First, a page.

A MOST VIRTUOUS CYCLE

Colombia 2017 | FINANCE | INTERVIEW

TBY talks to Juan Pablo Córdoba, President of Bolsa de Valores de Colombia (BVC), on the need to lower the cost of investment and growing the country's capital markets.

 Juan Pablo Córdoba
BIOGRAPHY
Juan Pablo Córdoba holds a master’s and PhD in economics from the University of Pennsylvania. He has worked for the Inter-American Development Bank, the Ministry of Finance and Public Credit of the Republic of Colombia, the IMF, and the Deposit Insurance Corporation of Colombia (FOGAFIN). He is currently the President of BVC.

BVC saw a 25% increase in trade volumes in YoY terms to January 2017. What was behind this?

2016 was a transitional year for the financial market. In a positive way, a few of the uncertainties regarding financial investments in Colombia were resolved last year. This has led to more liquidity and better asset prices through the end of 2016 and the beginning of 2017. Even though the economic growth of the country was not particularly stellar last year from an investor point of view, it was still a turnaround year, which makes 2017 positive in terms of investment prospects. Things like the tax reform and the peace process have been resolved, which puts an end to many of the uncertainties and apprehension for investors. We are on the right track and looking positive for 2017.

What is your outlook on how the tax reform will impact the economy this year?

The private sector would always like to see more reductions, of course, but the tax reform will make substantial progress in creating a path for reductions in the tax rate for corporations. An important point has been the elimination of the net worth tax for corporations, which was a considerable burden on corporations. This is the last year of that tax at a subdued rate. That is a positive signal for companies and will positively impact investment decisions. In 2018, the tax rate will come down overall, reaching 33%, which is reasonably competitive for a country like Colombia. A deduction in the VAT on the purchase of capital goods has been introduced as well, which is also a positive, lowering the cost of investment.

How attractive is Colombia to foreign investors compared to other regional markets?

Colombia has been doing an excellent job of differentiating itself and coming back from a relatively hidden position, so to speak. Today, foreign investors represent 25% of the volume traded on the exchange, whereas they were nonexistent eight years ago. Similarly, in the fixed-income market, and especially in government bonds, more than 30% of the stock is today in the hands of foreign investors, which was not the case five years ago, when it was merely 2%.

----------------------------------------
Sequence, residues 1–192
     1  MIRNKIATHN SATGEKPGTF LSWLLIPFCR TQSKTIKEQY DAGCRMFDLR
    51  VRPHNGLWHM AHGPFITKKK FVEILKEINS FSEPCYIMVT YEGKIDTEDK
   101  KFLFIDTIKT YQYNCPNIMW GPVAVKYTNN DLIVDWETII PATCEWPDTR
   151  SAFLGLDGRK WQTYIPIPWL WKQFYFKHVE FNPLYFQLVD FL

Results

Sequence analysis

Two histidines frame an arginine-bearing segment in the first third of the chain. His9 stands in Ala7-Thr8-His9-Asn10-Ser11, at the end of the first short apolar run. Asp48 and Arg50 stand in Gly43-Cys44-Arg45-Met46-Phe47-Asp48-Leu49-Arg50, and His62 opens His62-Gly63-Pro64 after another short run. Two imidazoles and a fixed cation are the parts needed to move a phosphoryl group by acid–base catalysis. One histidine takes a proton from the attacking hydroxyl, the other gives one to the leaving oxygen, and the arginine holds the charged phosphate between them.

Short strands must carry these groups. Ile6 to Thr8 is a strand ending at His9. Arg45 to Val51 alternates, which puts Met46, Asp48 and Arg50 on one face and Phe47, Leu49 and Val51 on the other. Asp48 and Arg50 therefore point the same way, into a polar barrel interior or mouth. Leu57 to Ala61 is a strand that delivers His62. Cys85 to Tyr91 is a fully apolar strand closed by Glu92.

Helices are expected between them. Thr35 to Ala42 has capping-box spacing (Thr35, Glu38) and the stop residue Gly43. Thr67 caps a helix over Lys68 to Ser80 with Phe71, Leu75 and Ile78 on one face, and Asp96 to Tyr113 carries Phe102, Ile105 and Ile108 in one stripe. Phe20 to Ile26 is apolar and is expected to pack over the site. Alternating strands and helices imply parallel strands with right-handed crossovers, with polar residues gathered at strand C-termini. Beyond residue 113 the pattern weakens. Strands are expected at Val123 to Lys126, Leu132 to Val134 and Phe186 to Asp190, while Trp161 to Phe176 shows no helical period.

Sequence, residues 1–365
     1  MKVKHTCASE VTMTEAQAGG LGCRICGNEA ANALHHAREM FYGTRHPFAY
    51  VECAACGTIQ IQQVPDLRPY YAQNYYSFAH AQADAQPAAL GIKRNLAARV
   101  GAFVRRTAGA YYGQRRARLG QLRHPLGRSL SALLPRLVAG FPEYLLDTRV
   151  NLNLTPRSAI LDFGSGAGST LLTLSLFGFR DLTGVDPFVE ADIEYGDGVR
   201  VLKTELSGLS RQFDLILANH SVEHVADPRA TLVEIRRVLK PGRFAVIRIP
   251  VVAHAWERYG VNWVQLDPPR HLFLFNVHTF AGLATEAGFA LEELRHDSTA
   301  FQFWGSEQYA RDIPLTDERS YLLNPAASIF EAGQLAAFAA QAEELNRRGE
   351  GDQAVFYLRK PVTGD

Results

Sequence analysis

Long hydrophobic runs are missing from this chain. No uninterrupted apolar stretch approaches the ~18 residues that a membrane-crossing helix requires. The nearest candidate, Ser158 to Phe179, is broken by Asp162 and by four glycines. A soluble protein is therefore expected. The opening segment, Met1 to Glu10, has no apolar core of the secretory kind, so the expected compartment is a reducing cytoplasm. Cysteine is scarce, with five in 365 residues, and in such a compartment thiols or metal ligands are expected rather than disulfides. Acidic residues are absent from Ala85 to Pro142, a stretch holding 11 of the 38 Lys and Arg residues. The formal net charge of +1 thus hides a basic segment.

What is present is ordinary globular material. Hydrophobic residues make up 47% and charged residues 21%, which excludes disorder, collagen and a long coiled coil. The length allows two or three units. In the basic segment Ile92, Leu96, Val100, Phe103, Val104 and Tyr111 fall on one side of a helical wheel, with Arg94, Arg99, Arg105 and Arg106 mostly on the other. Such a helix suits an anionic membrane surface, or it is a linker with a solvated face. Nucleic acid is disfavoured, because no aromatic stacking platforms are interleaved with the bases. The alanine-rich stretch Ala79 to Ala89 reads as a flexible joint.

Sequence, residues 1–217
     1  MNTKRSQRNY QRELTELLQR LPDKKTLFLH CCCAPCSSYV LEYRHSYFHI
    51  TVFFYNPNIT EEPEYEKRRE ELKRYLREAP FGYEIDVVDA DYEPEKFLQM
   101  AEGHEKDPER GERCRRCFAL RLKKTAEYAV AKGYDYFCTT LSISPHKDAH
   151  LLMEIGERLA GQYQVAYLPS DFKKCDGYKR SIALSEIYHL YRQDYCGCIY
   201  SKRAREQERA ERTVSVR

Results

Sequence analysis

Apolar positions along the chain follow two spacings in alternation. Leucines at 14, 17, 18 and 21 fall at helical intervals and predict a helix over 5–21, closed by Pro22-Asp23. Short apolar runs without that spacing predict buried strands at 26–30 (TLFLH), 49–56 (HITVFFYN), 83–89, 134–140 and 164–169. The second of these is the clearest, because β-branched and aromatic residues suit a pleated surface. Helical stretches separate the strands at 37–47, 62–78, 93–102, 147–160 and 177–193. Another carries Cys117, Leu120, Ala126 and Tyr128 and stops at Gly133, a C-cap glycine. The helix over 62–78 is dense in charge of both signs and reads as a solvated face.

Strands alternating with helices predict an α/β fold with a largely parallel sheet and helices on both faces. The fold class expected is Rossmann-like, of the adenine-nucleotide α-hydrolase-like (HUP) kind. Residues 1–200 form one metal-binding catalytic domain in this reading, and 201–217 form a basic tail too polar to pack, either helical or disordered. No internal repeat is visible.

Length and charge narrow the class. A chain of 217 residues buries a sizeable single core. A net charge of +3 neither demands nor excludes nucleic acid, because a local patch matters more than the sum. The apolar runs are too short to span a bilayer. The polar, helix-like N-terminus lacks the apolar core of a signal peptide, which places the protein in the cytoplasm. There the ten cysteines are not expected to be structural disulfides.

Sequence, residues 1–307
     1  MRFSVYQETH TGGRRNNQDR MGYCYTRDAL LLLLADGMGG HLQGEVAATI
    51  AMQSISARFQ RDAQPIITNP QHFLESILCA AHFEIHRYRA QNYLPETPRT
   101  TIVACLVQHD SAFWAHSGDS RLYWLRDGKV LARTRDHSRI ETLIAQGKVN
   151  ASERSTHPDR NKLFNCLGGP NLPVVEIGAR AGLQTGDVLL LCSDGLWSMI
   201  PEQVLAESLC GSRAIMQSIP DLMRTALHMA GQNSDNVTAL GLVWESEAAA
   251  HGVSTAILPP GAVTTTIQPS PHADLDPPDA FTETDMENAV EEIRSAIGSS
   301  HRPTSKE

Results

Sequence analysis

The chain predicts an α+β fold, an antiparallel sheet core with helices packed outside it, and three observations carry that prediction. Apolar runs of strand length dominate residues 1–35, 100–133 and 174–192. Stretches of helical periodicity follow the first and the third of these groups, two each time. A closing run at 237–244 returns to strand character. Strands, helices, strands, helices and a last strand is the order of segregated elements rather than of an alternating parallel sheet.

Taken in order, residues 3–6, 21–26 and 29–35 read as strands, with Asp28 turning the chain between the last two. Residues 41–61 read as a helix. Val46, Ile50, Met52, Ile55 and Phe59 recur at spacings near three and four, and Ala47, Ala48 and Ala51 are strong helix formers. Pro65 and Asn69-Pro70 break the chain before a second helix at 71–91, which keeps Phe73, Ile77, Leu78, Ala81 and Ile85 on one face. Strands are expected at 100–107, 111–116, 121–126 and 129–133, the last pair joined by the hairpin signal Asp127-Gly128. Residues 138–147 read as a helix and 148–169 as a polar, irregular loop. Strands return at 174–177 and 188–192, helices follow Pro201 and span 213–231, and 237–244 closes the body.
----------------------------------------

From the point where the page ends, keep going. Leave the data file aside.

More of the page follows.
What contribution can capital markets have on financing the 4G infrastructure plan?

This is another positive development resulting from the more secure and stable environment in the country. The 4G projects will also make peace more sustainable by creating better roads and transport infrastructure throughout the country, integrating regions that have been marginalized for years, and decreasing the cost of accessing markets. As for the role of capital markets thus far, it has been rather small, and there is clearly room for more involvement. There will be a learning process, and that takes time; however, with global regulations that are bringing about more stringent rules and greater capital requirements for banks, we will see a greater need and involvement from the capital markets to make up for that. Once the first phase of investment is finalized, it will allow for a refinancing process that can easily be done in the capital markets. It has a long process, but for the coming five to 10 years the potential is there. In any case, we need to attract international investors.

How protected will Colombia be from external shocks in the coming years?

A small economy like ours will always be affected by international events and movements. With the decline in the price of oil, it has become apparent that Colombia cannot be that dependent on commodities. In that sense, Colombia must be the master of its own destiny. With the right processes and strategies in place, we can become a high middle-income country. Former president Uribe's greatest contribution to the country has been to create nation-wide security, which means that we can once again make long-term goals for the country. The economic effects are embedded in the improvement of security, and the political aspect is also important, which is why the peace process has been crucial. The task now is to make the country more efficient and competitive, to draw in foreign investors, to improve the transport and logistics infrastructure, reduce the costs of transportation in the country, and integrate economic areas, among others.